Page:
When foreign horses Commander Crowe and Rapide Lebel arrive in Toronto for Saturday’s $600,000 Breeders Crown Trot at Woodbine Racetrack, the obstacles to victory go beyond merely facing five rivals
Commander Crowe and Rapide Lebel will need to recover from shipping overseas, get accustomed to unfamiliar surroundings and compete in a race where the style is likely to differ greatly from that in Europe. The last foreign invitee to win the Breeders Crown Trot was Italian star Varenne in 2001, when he triumphed with a world-record 1:51.1 mile at the Meadowlands Racetrack.
“There are a lot of things involved,” said U.S.-based trainer Trond Smedshammer, who is no stranger to shipping horses overseas. “Keeping them healthy, eating and drinking; it’s a stressful thing for them. Every horse and every ship is different. Some horses deal with it fine and actually like traveling. Other horses don’t deal well with it at all.”
Smedshammer’s Breeders Crown contender, Arch Madness, raced in Europe in May. He won the $480,647 Oslo Grand Prix in Norway and also won his elimination heat for Sweden’s prestigious Elitlopp before finishing sixth in the same-day final.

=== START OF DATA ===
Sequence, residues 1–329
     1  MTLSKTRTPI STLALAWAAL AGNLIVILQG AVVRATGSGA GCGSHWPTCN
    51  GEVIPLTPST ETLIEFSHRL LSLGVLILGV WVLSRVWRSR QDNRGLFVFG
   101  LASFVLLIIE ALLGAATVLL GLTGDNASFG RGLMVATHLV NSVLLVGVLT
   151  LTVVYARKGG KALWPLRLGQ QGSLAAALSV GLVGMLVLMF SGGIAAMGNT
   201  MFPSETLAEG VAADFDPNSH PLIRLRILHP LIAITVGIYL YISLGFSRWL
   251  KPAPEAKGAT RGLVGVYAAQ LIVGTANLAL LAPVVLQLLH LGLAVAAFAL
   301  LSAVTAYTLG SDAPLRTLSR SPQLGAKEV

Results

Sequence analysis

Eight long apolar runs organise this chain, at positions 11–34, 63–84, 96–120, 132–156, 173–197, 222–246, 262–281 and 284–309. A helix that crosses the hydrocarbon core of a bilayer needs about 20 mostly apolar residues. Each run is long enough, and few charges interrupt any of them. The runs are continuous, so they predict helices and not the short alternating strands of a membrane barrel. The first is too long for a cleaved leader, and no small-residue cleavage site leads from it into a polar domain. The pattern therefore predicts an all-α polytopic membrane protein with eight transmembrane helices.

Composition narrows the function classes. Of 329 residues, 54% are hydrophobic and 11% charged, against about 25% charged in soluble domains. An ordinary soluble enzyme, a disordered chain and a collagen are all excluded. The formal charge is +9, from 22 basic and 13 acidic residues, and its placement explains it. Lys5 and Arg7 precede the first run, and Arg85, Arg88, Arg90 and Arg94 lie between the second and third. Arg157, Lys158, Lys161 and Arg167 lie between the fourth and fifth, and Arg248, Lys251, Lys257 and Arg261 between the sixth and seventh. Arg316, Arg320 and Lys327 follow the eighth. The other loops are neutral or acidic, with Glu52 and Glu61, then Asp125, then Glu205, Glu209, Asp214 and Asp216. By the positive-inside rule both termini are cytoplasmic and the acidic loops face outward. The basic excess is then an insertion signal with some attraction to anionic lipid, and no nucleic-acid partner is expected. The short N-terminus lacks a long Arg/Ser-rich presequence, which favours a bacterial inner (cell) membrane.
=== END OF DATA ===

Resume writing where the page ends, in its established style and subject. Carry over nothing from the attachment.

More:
Arch Madness defeated Rapide Lebel, the fastest French trotter in history, in the Oslo Grand Prix. Rapide Lebel was second in the Elitlopp, losing by a nose to German trotter Brioni.
“He’s obviously a very strong horse,” Smedshammer said. “He can carry his speed for a long time, but so can the top horses on this side. I’m not sure how good or close to top form he is right now, so it’s kind of hard for me to give a real evaluation. You don’t know how they’re going to deal with shipping over here, either.
“On his best day he certainly is a very good horse.”
Ontario native John Bax, whose Breeders Crown contender Define The World also raced in the Oslo Grand Prix and Elitlopp, agreed. Define The World was fourth in the Oslo Grand Prix and finished sixth in his Elitlopp elimination.
“(Rapide Lebel) is fast and tough,” Bax said. “I think he can go all out for the whole mile. He’s a handful; I think he made a little bit of a break at the gate in Norway when we raced against him and spent the rest of the mile on the outside, but he was still around.”
Neither Smedshammer nor Bax saw Commander Crowe in person, but both know he should be respected. Commander Crowe won the first 23 races of his career and is the second-fastest Swedish-born trotter in history, as well as the European record-holder with a 1:50.4 mark.
“He’s a good horse or they wouldn’t bring him over,” Smedshammer said.
“I didn’t race against him, so I can only go on what the guys tell me,” Bax said. “We maybe underestimate the European stock. You go over there to race them and you see how good they really are. I think he’ll be heard from. But it’s hard to say how they’ll handle the shipping coming this way. We’ve got a home-court advantage.”
Both trotters are expected to arrive in Canada on Thursday. They are flying directly to Toronto from Amsterdam, then shipping to quarantine at Mohawk Racetrack.